The Swedish trio has used custom hardware and handmade Danish bricks in their plan to update a 1960’s residential complex.
In Södermalm – a former working-class Stockholm district that was recently dubbed one of the world’s coolest neighbourhoods by Vogue – local design and architecture bureau Claesson Koivisto Rune added its own gentrifying touch with Obelisken 29. It’s an update to a decades-old apartment building, now in the final stages of completion.
In a bold move, CKR increased the height of the building by adding 20 new penthouse units – some of them two storeys tall – with terraces and balconies. What’s more, the trio spun the conventional housing floor plan on its head, reversing the layout and placing the bedroom on the lower level; the living room and kitchen take up the second storey. Accessed via an elevator, the light-flooded second floor offers more space. “When you’re tired, you just go downstairs to bed,” says co-founder Ola Rune.
The interiors feature quintessential CKR touches: muted hues are found in the flooring, furnishings, and specially designed door handles, railings, wallpapers, sliding glass doors, and more.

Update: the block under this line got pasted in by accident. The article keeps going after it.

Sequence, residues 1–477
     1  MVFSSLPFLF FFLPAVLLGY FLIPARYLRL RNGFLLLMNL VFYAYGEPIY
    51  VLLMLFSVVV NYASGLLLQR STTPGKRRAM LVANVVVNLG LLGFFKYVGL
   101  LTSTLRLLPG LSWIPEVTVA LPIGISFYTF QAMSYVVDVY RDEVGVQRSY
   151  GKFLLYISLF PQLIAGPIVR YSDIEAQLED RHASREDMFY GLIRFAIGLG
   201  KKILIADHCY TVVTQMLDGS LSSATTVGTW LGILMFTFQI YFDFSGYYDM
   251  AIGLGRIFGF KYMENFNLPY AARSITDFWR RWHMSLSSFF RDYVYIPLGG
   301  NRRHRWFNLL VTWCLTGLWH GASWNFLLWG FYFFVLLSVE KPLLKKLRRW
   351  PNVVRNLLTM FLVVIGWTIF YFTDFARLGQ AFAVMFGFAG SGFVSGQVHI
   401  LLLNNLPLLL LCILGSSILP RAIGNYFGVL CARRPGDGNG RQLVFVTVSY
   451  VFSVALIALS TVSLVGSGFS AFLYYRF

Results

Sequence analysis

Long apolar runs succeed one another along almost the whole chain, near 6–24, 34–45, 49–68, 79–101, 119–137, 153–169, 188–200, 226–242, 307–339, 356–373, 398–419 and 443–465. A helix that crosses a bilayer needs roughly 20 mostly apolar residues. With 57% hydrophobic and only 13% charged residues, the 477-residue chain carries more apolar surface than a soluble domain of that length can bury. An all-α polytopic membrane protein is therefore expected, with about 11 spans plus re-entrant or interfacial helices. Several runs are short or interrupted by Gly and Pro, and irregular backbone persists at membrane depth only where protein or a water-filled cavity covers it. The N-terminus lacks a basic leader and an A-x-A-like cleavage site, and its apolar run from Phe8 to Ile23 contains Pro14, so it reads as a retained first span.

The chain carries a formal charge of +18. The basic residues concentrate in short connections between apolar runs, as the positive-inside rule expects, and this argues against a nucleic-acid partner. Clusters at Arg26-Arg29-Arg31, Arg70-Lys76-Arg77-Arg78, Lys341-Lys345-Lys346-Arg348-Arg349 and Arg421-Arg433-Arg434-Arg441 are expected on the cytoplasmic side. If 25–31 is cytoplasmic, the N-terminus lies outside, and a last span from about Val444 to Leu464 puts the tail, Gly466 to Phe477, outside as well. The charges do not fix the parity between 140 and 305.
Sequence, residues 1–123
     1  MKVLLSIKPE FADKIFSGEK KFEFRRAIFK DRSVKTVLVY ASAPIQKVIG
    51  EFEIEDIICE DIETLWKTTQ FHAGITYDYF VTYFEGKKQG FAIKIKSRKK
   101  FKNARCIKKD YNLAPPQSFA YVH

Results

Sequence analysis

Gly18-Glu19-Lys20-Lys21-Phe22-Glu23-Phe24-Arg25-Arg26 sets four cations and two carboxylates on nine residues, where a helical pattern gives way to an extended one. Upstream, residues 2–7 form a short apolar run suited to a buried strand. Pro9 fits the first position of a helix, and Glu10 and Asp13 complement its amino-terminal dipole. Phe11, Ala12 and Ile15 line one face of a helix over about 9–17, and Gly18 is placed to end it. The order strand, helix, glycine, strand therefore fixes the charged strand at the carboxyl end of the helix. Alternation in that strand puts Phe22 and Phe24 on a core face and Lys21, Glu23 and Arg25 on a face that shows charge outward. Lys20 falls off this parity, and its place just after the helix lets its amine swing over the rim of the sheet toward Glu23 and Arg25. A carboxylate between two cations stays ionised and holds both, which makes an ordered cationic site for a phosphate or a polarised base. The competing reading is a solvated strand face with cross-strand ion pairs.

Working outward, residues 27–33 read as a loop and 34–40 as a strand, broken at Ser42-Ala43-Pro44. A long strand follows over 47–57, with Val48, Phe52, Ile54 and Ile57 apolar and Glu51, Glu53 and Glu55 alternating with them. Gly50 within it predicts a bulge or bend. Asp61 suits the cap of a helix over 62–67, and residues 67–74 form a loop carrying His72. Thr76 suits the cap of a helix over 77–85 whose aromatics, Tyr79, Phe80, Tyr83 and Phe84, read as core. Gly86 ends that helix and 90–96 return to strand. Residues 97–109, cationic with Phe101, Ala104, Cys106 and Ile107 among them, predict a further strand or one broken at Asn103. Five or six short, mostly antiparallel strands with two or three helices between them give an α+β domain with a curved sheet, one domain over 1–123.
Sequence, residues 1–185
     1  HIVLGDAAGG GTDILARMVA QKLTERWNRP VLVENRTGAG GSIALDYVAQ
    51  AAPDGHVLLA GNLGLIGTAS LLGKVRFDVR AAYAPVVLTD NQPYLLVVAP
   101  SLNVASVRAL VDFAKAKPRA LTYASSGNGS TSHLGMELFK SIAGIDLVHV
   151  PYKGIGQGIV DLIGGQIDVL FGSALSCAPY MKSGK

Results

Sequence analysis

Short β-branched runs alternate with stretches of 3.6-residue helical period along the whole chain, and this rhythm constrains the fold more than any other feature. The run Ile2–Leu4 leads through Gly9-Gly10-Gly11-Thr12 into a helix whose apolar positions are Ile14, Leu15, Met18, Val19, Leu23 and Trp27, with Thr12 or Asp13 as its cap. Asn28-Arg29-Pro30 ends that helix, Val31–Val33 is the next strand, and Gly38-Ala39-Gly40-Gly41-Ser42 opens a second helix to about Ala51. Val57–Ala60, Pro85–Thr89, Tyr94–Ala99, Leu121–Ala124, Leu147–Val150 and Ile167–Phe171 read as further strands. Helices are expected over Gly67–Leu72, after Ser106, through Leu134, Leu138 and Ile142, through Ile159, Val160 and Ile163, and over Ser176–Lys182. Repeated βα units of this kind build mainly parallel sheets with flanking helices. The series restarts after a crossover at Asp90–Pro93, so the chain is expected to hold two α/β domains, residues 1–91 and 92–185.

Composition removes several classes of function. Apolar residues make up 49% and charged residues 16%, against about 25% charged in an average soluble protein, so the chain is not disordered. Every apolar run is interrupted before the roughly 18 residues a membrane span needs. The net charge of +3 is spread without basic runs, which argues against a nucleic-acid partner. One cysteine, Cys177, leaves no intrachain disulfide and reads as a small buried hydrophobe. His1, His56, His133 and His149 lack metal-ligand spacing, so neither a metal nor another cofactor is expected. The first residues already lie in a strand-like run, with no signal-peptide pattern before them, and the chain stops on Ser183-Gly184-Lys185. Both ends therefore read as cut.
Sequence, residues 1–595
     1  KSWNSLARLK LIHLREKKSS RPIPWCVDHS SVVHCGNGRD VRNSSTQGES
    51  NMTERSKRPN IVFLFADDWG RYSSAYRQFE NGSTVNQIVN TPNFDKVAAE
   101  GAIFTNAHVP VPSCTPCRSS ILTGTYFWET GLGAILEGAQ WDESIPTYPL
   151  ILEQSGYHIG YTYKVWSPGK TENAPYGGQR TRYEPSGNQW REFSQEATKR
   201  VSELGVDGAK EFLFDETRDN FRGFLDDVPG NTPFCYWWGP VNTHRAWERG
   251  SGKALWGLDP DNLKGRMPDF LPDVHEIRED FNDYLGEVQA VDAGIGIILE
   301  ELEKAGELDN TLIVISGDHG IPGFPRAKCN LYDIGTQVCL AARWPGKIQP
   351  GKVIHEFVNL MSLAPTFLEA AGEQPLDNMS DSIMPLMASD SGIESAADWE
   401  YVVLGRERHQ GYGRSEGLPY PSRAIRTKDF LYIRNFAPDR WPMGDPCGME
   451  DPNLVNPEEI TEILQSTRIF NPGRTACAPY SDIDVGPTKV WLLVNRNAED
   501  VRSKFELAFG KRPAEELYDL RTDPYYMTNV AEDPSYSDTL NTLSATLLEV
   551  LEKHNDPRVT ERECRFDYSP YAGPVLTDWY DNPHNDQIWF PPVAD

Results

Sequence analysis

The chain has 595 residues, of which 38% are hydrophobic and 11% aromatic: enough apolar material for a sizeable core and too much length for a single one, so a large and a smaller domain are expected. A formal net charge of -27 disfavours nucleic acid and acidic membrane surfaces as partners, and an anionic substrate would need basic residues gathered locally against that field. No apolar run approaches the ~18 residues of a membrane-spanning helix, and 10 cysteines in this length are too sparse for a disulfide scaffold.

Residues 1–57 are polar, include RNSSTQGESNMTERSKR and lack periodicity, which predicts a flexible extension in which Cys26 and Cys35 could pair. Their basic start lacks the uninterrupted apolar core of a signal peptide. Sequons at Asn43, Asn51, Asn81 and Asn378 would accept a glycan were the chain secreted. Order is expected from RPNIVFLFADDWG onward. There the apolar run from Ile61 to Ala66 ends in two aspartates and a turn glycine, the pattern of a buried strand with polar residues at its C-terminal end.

The most thoughtful addition to the building is the new facade. To breathe new life into what was once a long, monolithic block, CKR divided the building into four compartments and gave each its own colour – in a twist on the typical Stockholm palette. Three shades of grey are complemented by a terracotta tone. The bricks were handmade by Danish designer Peterson Tegl, whose extensive knowledge has been passed down through eight generations. At street level, along the full length of the building, and for the added penthouses, the bricks tie the entire project together.
Nina Boccia is the Director of Programs at Design Exchange, Canada’s Design Museum.